By Jack Loder
Luke Keaschall dropped his bat and broke into a dead sprint up the first base line. Head down, legs churning, he looked like a runner determined to beat out an infield single. Instead he ripped around first and finally slowed into a jog as the ball landed nearly 100 feet beyond the left field fence. You wouldn’t know it from his facial expression, but Keaschall’s two run bomb had just given Orleans a 2-0 lead that it would not give back. The bomb was Keaschall’s second of the season.
“When you hit a bomb, you run it out like it’s a double,” Keaschall said. “That’s the right way to do it. He threw me an inside fastball and I was chasing a slider away, I wanted to be on time and I put a good swing on it.”
Keaschall’s bomb was the only run scoring knock in the Birds’ fourth straight victory. They were largely shut down by Y-D pitching all night, but as has been the case for Bird pitchers in each of the team’s five victories, the pitching staff was phenomenal. Alex Amalfi, Cole Reynolds, Bryce Warrecker, Cooper McKeehan and AJ Blubaugh combined for the shutout. The staff surrendered just three hits.
“We didn’t give up any runs, which is kind of unheard of in this ballpark,” Nicholson said. “Baseball is a crazy game, you come to Y-D and you think there are gonna be some runs scored nd it turns into a pitcher’s duel
Alex Amalfi has flirted with complete dominance in each of his first three starts of the summer. Wednesday night was no different for the Umass Boston right-hander, as he worked his way through three scoreless innings, escaping with traffic on the bases in each frame. Amalfi mostly pitched to two outcomes in his first outing against Y-D. He puzzled Red Sox hitters with his healthy four seam fastball and induced flailing swings and misses with a tight slider. On the other side of the coin, he struggled with command, especially with two outs. Three walks and two hit by pitches accounted for five of the six Y-D baserunners Amalfi surrendered.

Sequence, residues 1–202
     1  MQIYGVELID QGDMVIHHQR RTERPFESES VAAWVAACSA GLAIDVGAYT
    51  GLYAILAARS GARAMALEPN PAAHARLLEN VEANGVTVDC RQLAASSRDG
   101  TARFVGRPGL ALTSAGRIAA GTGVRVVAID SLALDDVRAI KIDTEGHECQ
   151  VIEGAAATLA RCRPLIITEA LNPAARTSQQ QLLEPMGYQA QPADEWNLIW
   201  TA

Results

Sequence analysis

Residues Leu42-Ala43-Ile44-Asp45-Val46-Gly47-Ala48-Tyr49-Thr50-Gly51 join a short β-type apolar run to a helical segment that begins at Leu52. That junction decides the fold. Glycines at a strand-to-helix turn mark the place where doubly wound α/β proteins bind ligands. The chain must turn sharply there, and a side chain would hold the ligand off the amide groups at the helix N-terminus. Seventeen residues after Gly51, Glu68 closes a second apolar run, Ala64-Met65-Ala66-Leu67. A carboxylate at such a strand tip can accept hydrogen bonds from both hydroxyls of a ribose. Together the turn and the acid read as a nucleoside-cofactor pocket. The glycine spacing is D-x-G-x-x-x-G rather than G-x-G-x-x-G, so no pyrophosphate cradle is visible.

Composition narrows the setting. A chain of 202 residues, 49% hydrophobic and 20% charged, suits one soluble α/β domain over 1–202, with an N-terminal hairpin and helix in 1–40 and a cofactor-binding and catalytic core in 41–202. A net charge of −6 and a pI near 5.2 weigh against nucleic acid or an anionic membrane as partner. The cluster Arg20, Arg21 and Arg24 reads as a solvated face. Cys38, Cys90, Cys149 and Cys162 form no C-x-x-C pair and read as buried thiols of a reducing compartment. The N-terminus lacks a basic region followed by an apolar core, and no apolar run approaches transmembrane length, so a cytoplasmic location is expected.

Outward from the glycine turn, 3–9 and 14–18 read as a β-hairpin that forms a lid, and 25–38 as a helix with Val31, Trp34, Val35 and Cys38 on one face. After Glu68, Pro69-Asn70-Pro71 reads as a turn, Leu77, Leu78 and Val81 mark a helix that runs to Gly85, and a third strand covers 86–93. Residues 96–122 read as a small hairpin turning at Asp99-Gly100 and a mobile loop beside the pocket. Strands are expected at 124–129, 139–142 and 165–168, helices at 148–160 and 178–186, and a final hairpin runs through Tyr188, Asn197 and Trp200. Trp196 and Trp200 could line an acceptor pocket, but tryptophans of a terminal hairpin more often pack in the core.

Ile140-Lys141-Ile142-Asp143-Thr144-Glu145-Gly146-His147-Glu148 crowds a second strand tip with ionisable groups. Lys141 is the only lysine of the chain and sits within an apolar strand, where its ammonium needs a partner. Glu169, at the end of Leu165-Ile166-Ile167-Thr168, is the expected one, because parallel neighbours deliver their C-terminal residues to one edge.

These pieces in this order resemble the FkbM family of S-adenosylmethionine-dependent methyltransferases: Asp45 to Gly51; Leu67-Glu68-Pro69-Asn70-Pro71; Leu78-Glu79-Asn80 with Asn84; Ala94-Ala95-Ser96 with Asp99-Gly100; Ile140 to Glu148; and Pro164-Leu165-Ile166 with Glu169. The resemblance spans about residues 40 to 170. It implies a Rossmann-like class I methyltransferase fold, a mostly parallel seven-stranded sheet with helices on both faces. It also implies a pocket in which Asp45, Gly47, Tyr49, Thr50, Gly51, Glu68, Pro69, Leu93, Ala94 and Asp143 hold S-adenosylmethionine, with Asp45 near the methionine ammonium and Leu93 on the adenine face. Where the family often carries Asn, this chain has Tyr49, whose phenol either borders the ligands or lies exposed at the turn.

“He didn’t pitch great but he threw up three zeroes. There was a lot of traffic out there but he competed like he does,” Nicholson said of Amalfi. “We played pretty well defensively, booted one ball but played really clean overall.”
The new and improved Firebirds of the past half week or so have made their money on offensive execution. They’ve moved runners over when need be, and driven them in in clutch spots, something that seemed to be a foreign concept to the group early on. Y-D starter Eric Yost made the Birds look like the same team Y-D saw on opening night and a few days later. A team that seemed allergic to producing the aforementioned results. In the first five innings, they left four runners on base and went down in order. A yard that usually yields big power numbers facilitated a two-sided shutout through five innings.
Pitching kept them close, and the Birds finally broke through in the sixth to chase Yost from the game. His final pitch hit Kevin Sim in the forearm, forcing Y-D to go to the pen for Arizona’s Kris Bow. Keaschall, following Sim, wasn’t very polite in his welcome.
“It was pretty cool, I’m just happy I could help the team win today,” Keaschall said.
During the four game winning streak, Orleans has replicated a tried and true recipe for victory. Dominant pitching, clean defense, and just a little bit of timely hitting. When they do those things, they’ll win.
“I’m not the smartest guy in the world,” Nicholson said. “But I know you’re going to win most of the games you don’t allow any runs.”